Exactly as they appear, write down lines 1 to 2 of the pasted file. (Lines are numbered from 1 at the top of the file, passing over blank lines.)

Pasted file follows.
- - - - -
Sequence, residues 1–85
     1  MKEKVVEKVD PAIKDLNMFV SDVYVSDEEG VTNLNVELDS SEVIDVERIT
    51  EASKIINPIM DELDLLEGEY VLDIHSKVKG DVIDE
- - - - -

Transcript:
Sequence, residues 1–85
     1  MKEKVVEKVD PAIKDLNMFV SDVYVSDEEG VTNLNVELDS SEVIDVERIT